A new scientific understanding of this is described in the book Willpower: Rediscovering the Greatest Human Strength, by psychologist Roy Baumeister and New York Times health writer John Tierney.
Expecting to shed 100 pounds of excess weight without first having honed your will on smaller accomplishments is as unrealistic as expecting to bench press 300 pounds or runn a 4-minute mile without any prior training.
Train your willpower for success
I’ve spent my entire life as an athlete, so I know what I’m talking about here.
Having exercised for six decades, my force of habit is so strong that I’m physically uncomfortable if I miss a day or two.
I never have to “talk myself into” exercise. And while I don’t always have the greatest workouts, my exercise habit gets me to the gym. My muscle memory takes it from there.
Build your willpower the kaizen way
We didn’t get soft of sick overnight, so we shouldn’t expect to develop super-willpower in a weekend.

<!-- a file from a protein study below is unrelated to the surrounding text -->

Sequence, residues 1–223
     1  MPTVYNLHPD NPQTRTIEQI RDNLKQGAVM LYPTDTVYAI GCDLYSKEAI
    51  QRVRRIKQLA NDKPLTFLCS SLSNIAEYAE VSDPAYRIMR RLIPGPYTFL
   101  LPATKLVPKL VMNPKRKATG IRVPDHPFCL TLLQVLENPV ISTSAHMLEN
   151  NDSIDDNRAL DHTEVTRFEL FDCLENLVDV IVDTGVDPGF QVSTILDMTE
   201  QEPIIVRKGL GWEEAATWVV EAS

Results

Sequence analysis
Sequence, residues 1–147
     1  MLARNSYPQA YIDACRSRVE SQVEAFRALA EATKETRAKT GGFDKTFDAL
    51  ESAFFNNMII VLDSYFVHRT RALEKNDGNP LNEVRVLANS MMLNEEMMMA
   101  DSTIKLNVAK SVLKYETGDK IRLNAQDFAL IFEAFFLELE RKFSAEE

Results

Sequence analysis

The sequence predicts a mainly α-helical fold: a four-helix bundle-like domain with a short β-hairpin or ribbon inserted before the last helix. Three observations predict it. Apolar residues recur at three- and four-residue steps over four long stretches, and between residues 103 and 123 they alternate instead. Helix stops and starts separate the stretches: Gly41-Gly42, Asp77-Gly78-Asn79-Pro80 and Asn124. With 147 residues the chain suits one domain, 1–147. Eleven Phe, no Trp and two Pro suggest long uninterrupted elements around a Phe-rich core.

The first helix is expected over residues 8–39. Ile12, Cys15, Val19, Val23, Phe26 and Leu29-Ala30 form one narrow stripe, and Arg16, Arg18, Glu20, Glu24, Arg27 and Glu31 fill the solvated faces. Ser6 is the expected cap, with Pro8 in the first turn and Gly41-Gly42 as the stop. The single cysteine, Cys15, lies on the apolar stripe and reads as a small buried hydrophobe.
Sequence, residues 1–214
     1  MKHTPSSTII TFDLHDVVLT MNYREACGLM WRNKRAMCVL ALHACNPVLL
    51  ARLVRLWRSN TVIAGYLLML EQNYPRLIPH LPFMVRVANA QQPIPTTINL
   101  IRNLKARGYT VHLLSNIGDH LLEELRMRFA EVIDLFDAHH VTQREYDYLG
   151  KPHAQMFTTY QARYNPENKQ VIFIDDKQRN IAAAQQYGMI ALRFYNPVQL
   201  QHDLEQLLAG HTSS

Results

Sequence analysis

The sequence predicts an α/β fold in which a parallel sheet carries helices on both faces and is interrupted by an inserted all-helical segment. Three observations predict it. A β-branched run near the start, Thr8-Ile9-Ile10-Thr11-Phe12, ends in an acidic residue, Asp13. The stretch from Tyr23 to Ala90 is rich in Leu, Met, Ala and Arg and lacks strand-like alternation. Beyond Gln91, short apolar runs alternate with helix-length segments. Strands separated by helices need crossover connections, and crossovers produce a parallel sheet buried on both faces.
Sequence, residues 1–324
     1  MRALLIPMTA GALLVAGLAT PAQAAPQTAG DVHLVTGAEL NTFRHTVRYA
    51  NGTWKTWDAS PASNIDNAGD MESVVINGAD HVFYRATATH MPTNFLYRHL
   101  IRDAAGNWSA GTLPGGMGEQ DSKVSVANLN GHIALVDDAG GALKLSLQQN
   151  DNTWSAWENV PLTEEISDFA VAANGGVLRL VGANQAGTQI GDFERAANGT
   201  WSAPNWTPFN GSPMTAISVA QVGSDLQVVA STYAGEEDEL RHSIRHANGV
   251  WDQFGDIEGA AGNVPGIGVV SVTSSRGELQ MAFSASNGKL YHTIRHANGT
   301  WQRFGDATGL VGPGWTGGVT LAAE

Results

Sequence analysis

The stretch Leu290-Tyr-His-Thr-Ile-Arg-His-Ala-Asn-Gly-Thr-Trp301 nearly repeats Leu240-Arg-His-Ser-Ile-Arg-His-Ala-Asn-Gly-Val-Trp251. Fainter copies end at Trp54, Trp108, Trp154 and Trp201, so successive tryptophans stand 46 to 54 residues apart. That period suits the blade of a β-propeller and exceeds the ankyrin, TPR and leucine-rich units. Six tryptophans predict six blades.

The key is to start with one small task and build on our success.
According to Baumeister and Tierney, it’s nearly impossible to make a change in more than one area of your life at a time.
Why? Because willpower is like money – you only have a certain amount to spend each day. If you try to make 20 changes in your life, you’re multiplying your willpower exertion by 20 times.
We’ve been raised to believe that willpower is a virtue, but it’s really more like a muscle. If you overtax it before it becomes strong, it merely gets exhausted from overuse – and you end up failing.
Choose the one behavior you want to change first, and conserve your willpower for that priority. After that goal is achieved, you’ll be able to tackle something new and different – and you’ll be in even better shape to succeed.
Now it’s your turn
What is the one behavior you’d most like to change?
What has worked for you in the past – and what seems to always trip you up?
What is the simplest kaizen action you can take that you know you can stick with?
Please “go public” with your personal declaration of independence by leaving your comment.